An application program using the generic SCSI class driver isresponsible for maintaining both of these timeout values. It has thefollowing options:

  • Accepting a connection's default value. The default value for both timeouts is 20 seconds.
  • Altering the connection's default value. To modify the default values, the class driver specifies nonzero values for the phase change timeout and disconnect timeout fields of the generic SCSI descriptor, the address of which is passed to the driver in the p1 argument to the $QIO system service call.

8.6 Configuring a Device Using the Generic Class Driver

On VAX systems, the System Generation utility (SYSGEN) loads thegeneric SCSI class driver into system virtual memory, createsadditional data structures for the device unit, and calls the driver'scontroller initialization routine and unit initialization routine.SYSGEN automatically loads and autoconfigures the SCSI port driver atsystem initialization. As part of autoconfiguration, SYSGEN polls eachdevice on each SCSI bus. If the device identifies itself as adirect-access device, direct-access CD-ROM device, or flexible diskdevice, SYSGEN automatically loads the disk class driver (DKDRIVER). Ifthe device identifies itself as a sequential-access device, SYSGENautomatically loads the tape class driver (MKDRIVER). If theautoconfiguration facility does not recognize the type of the SCSIdevice, it does not load a driver.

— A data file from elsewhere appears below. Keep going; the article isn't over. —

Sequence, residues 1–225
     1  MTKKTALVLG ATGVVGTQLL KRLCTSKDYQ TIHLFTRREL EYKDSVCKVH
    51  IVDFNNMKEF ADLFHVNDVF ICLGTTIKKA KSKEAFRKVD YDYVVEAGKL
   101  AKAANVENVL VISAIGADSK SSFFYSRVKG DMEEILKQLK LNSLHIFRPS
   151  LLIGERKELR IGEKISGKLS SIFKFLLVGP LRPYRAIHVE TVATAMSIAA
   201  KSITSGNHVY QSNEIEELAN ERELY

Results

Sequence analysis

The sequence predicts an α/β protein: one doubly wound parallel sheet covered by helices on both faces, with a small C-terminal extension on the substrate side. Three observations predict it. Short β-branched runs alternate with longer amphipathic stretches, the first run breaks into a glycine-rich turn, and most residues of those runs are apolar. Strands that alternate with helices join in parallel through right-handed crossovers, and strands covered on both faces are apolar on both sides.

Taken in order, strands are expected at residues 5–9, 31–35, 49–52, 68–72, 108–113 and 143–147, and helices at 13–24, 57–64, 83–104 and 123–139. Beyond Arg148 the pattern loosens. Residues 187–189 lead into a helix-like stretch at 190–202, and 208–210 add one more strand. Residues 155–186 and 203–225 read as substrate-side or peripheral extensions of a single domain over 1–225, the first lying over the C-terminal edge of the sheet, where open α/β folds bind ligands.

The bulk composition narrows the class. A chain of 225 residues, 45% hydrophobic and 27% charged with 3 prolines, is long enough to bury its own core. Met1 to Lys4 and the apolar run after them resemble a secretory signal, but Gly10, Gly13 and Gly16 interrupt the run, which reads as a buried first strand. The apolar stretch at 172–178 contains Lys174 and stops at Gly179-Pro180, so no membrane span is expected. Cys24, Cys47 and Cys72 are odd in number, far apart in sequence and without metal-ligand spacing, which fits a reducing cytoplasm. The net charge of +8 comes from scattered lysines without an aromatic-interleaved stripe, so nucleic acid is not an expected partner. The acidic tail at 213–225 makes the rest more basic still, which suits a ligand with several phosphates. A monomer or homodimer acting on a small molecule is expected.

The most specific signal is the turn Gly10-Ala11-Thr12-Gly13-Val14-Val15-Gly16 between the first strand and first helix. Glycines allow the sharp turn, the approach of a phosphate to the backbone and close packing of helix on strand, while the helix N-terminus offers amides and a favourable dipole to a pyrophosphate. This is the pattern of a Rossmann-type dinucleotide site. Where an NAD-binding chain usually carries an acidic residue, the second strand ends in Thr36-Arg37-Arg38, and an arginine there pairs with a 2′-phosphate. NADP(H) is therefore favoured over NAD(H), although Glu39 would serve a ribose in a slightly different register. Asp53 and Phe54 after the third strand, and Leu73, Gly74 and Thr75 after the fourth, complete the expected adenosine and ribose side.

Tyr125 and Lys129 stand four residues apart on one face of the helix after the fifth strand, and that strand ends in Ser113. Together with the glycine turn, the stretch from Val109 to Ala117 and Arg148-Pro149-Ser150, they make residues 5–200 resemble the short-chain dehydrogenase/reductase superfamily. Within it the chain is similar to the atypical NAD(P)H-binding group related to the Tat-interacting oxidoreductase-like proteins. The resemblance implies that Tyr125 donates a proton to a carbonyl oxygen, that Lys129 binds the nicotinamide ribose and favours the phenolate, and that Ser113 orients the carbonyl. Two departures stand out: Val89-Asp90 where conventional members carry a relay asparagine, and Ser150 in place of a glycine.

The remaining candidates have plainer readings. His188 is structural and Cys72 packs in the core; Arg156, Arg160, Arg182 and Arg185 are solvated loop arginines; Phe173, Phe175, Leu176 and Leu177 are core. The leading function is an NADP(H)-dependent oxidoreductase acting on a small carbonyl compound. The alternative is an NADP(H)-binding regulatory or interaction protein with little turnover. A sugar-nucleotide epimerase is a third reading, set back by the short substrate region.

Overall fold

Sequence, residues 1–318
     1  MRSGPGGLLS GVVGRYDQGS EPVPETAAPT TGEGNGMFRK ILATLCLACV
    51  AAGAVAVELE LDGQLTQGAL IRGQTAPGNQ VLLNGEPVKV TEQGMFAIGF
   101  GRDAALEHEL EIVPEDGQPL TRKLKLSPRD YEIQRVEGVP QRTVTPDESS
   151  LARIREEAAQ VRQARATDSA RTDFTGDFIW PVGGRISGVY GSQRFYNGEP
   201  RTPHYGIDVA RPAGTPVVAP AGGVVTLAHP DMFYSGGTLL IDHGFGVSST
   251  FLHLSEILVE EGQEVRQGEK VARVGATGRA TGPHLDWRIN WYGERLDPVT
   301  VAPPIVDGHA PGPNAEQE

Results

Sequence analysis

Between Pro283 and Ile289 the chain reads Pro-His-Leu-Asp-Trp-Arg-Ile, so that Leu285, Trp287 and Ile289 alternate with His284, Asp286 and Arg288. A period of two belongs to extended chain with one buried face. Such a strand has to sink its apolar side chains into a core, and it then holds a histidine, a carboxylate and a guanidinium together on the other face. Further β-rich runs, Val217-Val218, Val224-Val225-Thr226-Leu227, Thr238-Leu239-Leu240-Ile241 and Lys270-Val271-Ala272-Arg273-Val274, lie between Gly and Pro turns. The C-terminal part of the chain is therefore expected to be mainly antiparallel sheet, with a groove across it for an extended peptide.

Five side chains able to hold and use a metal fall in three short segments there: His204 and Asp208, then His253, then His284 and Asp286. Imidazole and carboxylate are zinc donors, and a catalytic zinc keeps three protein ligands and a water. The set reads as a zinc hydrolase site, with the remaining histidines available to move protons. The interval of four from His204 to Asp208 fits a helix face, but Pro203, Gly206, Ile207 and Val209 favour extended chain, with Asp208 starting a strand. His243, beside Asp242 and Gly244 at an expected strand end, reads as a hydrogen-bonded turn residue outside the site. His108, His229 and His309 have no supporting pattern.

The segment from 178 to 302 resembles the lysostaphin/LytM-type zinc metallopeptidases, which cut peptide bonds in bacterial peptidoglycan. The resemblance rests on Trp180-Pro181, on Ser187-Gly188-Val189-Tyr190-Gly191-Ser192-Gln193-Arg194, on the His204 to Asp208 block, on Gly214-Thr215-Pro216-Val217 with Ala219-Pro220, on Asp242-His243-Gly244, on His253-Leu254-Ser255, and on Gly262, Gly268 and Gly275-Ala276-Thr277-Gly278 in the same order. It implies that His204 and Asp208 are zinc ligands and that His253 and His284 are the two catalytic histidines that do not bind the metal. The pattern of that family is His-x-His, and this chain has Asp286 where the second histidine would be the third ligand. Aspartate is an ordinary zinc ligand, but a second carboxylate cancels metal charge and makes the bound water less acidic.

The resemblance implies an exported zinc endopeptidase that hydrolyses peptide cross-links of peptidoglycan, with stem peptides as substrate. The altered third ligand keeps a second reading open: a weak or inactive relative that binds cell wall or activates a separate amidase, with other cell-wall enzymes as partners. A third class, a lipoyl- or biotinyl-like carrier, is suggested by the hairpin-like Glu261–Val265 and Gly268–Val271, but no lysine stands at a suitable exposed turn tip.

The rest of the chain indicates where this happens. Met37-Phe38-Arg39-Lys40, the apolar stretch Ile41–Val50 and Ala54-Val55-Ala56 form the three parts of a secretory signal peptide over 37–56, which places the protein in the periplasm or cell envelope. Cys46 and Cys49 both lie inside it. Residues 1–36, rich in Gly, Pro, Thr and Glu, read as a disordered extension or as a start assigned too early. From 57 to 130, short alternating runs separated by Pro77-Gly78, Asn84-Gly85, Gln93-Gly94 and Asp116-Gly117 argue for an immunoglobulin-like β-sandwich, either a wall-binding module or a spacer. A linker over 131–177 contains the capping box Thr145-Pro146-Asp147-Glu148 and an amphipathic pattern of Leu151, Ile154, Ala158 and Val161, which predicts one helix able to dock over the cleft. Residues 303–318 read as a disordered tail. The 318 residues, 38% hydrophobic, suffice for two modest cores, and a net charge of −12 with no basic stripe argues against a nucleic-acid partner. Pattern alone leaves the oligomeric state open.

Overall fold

If a third-party-supplied SCSI device requires that the generic classdriver be loaded, it must be configured by an explicit SYSGEN CONNECTcommand, as follows:


On Alpha systems, SYSMAN performs the same functions that SYSGENperforms on VAX systems. If a third-party-supplied SCSI device requiresthat the generic class driver be loaded, the device must be configuredby an explicit SYSMAN CONNECT command, as follows:


On VAX and Alpha systems, GK is the device mnemonic for the generic SCSI class driver (GKDRIVER); p represents the SCSI port ID (for instance, the controller ID A or B); d represents the SCSI device ID (a digit from 0 to 7); 0 signifies the digit zero; and u represents the SCSI logical unit number (a digit from 0 to 7).

Multiple devices residing on any SCSI bus in the system can shareGKDRIVER as a class driver, as long as a CONNECT command is issued foreach target device that requires the driver.